Search, Save and Share
Research data is often stored in disparate systems, making it difficult to locate all the key facts about a compound or project. Search Genius™ for the Microsoft® SharePoint® platform provides researchers with a single system that they can use to search, save and share unstructured data stored in experiments, reports, presentations, file shares and technical documents.
Researchers can simultaneously search for text terms and structures in their E-Notebook content and in technical documents and reports stored in SharePoint. They can also include text searches across the internet.
With Search Genius, researchers can save their search results and easily create links and annotations that record their ideas and facilitate collaboration with other scientists.
Search - A Unique Search Technology
Search Genius utilizes Microsoft FAST Search Server 2010 for SharePoint to create an out-of-the-box solution for researchers that is available in the tools they already use. By detecting and indexing structures embedded in documents, Search Genius adds structure-searchability to the SharePoint® platform. Researchers can use Search Genius to carry out text and structure searches from the SharePoint® platform as well as from inside the PerkinElmer E-Notebook, while they are conducting and documenting their research.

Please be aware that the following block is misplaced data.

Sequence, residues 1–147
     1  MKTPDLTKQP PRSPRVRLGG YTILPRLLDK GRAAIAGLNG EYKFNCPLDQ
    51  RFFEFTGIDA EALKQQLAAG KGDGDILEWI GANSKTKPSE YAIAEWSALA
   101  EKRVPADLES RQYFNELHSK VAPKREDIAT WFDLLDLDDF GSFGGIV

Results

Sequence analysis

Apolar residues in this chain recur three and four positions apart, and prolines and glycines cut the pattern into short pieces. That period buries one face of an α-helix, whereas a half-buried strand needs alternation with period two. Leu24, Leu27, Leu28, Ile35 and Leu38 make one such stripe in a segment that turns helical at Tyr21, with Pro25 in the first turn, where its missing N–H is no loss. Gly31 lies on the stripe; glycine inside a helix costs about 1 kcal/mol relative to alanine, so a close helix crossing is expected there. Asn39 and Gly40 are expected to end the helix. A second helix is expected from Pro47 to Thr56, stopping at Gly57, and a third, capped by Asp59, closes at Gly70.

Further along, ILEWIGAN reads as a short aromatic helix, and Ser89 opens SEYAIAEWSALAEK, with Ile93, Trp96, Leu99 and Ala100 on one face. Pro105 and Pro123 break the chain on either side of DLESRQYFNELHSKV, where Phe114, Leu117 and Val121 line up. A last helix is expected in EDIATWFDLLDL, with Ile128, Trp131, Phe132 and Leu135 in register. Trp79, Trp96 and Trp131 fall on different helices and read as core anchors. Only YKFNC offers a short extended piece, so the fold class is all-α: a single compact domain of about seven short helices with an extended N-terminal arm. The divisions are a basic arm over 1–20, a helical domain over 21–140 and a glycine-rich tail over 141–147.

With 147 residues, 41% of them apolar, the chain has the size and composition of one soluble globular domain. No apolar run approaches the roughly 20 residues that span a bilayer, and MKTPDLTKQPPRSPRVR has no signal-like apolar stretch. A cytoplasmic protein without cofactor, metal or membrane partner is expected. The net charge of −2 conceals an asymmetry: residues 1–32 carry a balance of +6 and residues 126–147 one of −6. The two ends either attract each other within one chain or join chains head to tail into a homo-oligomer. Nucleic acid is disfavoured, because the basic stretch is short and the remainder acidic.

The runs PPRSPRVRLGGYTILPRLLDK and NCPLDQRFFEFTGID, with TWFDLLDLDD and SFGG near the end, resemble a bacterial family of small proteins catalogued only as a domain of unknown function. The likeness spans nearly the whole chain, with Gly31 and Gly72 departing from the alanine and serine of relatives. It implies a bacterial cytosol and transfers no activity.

Save - An Organizational Space for Research
Search Genius allows researchers to easily save selected hits from their searches. This makes it possible to organize their research ideas within an organizational space that includes text and structure searches from multiple sources.
Figure 1: Results from Structure Search showing experiments from E-Notebook and documents from SharePoint®, with key results saved and annotated.
[Click picture to enlarge]
Share - Links and Annotations Add Value to Search Results
Scientists can annotate selected hits from their searches to help them remember what they were thinking when they were searching - not just where they found the information. They can also easily create hyperlinks that connect to additional interesting and valuable content.
When scientists share their search results with others, these links and annotations make it much easier for their colleagues to understand and recognize the value of what they have found.